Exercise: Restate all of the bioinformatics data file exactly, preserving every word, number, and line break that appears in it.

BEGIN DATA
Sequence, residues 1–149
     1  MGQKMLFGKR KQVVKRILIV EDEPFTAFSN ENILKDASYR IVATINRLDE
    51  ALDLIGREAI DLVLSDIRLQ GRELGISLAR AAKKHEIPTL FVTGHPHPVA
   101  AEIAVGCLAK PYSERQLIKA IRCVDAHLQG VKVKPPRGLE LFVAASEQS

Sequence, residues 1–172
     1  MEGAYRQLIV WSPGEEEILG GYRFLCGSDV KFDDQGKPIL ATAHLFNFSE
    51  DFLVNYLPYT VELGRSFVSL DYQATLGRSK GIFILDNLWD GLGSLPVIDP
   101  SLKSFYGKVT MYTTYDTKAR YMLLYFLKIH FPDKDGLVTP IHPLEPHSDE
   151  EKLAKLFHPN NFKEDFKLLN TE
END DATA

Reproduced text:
Sequence, residues 1–149
     1  MGQKMLFGKR KQVVKRILIV EDEPFTAFSN ENILKDASYR IVATINRLDE
    51  ALDLIGREAI DLVLSDIRLQ GRELGISLAR AAKKHEIPTL FVTGHPHPVA
   101  AEIAVGCLAK PYSERQLIKA IRCVDAHLQG VKVKPPRGLE LFVAASEQS

Sequence, residues 1–172
     1  MEGAYRQLIV WSPGEEEILG GYRFLCGSDV KFDDQGKPIL ATAHLFNFSE
    51  DFLVNYLPYT VELGRSFVSL DYQATLGRSK GIFILDNLWD GLGSLPVIDP
   101  SLKSFYGKVT MYTTYDTKAR YMLLYFLKIH FPDKDGLVTP IHPLEPHSDE
   151  EKLAKLFHPN NFKEDFKLLN TE